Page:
Saturday, January 5, 2013

Ohlone Wilderness Trail-Backpacking 2012/13

Two Years ago Melinda invited me to a joint backpacking trip on the Ohlone trail. We spent 2 nights and 3 days on the trail, mostly to our own little selves, as one would expect at a wilderness backpacking and hiking trail during the first of January on a weekday. I wrote about it here. Now that another daughter has become interested in backpacking, Melinda decided that she needed to be inaugurated into the same conditions as I had. Ohlone in the dead of winter. And I wouldn't miss it, so there I was too. This article is "Ohlone, number two, 2012. Or 2013, depending on whether you count it for when we left or when we got back.

Happily, we had a driver this time so we didn't have to ferry two vehicles to the start and end of the trail; we just left a car at the end, at the Sunol side.

The day was bright and beautiful, a real relief, since earlier in the week it had looked like rain might be a possibility! By the time we got started, it was about 2:30 pm, which was fine since we were staying in the campground just a couple miles up the trail. That way, we'd get one section of tough climbing out of the way in the first short day.

Tess, the warm little wonder, accompanied us.

It doesn't take long for the going to get steep, here on the Del Valle side.

Unlike the last time, we met several groups of day hikers coming down the mountain. It was pleasant to share a little conversation with some of them.

Again, I was the main photographer, which meant shots of the backsides of my companions (since I was the slowest!) and several self photographs, since I was determined to appear in at least some of the pictures!

One very important element is signing in at the trail sign-in panel.

You never know if that is the way they will be able to locate you if you fall off the edge and lie there waiting for the helicopters!

Here you see a common sight, our Trailmaster Melinda consulting the official map. I know she was impatient with Loreleigh and I, who were not as interested in digging out our maps to share the burden. We trusted her, and if she led us astray, we were willing to shoulder some of the blame for being the sheep we were.

The first camp, Boyd's camp, while not far from the trailhead, was at the end of an extremely steep, longish climb. It was so steep that my feet did not know they could bend that far in the "up" direction. Unfortunately, I had suggested that we come back to the water source once we dropped our stuff at camp, believing camp was closer than it was.

It looked like there were two campsites there. Number one was right there at the trail and by the outhouse. Number two was off a ways and more private.  found our site, the nice secluded one with an impressive overlook, and then pondered the demoralizing trip back down to the water. I volunteered to go back down for it, and scored by getting a Little Debbie brownie for filling Melinda's bottle too.

Loreleigh went with me, and we took an alternate primitive trail down to the water pump. It was obvious we would not be coming back up that steep and somewhat eroded trail, but it was nicer than repeating the same track multiple times! We saw a doe with two older fawns on the way down that track.

After pumping the bottles full through my Katadyn purifier, we headed back up the steep track and arrived just as it was getting dark, around 4:30-5. We wasted no time in boiling up some water four our freeze-dried meals.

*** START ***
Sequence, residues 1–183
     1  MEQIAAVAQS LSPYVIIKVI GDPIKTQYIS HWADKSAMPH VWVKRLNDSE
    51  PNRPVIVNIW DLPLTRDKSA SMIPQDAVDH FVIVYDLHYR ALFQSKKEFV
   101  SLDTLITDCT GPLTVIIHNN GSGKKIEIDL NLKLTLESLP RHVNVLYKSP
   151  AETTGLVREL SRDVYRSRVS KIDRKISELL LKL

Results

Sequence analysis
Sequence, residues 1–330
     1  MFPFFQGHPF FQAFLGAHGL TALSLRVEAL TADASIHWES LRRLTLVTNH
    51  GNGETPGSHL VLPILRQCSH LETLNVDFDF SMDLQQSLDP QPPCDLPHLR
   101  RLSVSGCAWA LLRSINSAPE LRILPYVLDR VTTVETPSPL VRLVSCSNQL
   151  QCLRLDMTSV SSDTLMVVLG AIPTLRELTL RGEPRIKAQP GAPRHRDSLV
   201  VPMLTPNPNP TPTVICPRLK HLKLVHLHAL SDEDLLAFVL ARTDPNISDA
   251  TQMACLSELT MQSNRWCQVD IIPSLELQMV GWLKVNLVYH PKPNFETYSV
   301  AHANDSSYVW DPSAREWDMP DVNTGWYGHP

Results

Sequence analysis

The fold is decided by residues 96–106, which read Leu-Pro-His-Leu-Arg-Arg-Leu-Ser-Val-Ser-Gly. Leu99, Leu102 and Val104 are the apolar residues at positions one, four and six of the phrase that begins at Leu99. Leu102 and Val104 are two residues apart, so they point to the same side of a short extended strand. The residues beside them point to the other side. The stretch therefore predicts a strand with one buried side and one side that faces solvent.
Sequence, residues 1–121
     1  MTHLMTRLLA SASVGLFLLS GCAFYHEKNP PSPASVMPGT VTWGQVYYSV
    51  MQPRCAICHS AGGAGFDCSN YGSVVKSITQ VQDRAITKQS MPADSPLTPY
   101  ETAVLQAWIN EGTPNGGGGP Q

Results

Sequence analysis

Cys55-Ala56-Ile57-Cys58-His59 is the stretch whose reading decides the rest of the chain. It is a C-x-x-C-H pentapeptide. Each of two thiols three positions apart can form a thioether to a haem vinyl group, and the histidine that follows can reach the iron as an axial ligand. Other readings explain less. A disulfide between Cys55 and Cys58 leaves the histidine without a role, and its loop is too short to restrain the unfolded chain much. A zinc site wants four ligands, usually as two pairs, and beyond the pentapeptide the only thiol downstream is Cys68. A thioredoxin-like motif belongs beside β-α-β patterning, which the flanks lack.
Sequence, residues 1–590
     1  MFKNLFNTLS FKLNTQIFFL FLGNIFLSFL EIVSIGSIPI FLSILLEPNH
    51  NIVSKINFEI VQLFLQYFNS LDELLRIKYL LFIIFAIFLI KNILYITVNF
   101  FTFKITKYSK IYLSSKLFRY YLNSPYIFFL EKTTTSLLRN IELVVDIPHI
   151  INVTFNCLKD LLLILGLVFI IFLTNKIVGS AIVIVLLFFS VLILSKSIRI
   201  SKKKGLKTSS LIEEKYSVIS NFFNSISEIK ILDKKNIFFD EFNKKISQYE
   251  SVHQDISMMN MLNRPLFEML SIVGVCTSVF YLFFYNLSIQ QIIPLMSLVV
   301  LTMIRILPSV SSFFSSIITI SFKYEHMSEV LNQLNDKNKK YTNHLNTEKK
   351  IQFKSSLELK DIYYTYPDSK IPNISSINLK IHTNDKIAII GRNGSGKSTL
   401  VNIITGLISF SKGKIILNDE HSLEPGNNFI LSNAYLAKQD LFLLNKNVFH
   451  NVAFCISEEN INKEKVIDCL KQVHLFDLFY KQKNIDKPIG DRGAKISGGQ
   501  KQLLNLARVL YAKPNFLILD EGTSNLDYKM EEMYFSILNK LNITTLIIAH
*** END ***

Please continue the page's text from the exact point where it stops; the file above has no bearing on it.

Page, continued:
Commercial freeze0dried meals are the way to go! Flavor, lots of calories to help you stay warm, no mess, not much thought or prep ahead of time, just picking ones that seemed good. That night I had Mountain House Chicken Fajita, which was delicious! Loreleigh shared around some brownies she had baked.

It was dark. It was cold. All we wanted was for it to be late enough to go to bed. I tried not to think about how hard it might be to sleep all those hours until dawn. But finally it was close to 8pm, and we decided, Bedtime! Which meant a nice peaceful game of solitaire while lying in my bag, and a podcast before curling up for sleep.

At about 4am, I had to get up, and I saw this sight, made beautiful by the full moon.

It was a cold, cold night, but we had expected that, and prepared the best we could. I wasn't yet wearing every piece of clothing I had brought, that would come the next night!

We didn't freeze, and woke up to a fresh new beautiful day in the wilderness, ready to begin enjoy it!


  1. Hi, I met your group on the Ohlone Trail this winter at Hawk's Nest. Looks like you guys had a great time despite the cold nights! Congrats to your little canine companion for making it through too!

    Since you mentioned that the trail is really steep on the Del Valle side, I wonder if it will be easier to do this trek in reverse direction.

    I'll see if I can make it through to Del Valle next time instead of turning around at Maggie's Half Acre.

    So, to tell my side of the story, I've decided to get a blog, thanks to your inspiration!

    Have fun hiking and hope to see you on the trails again!

    1. Hi Cris, it was a pleasure meeting you!
      There is more to consider than just the steepness of the Del Valle side. One thing we had to figure on was how the situation of the camps worked out with our hiking schedule. And even though it was hard for me to believe it, going steeply downhill is as hard on your legs, it's just easier to breathe! It's also hard on my feet. My hiking shoes were better this trip, but the previous expedition, my toes and feet really suffered going downhill. I had to stuff double socks into my shoes to try to keep the toes away from the end of my shoes.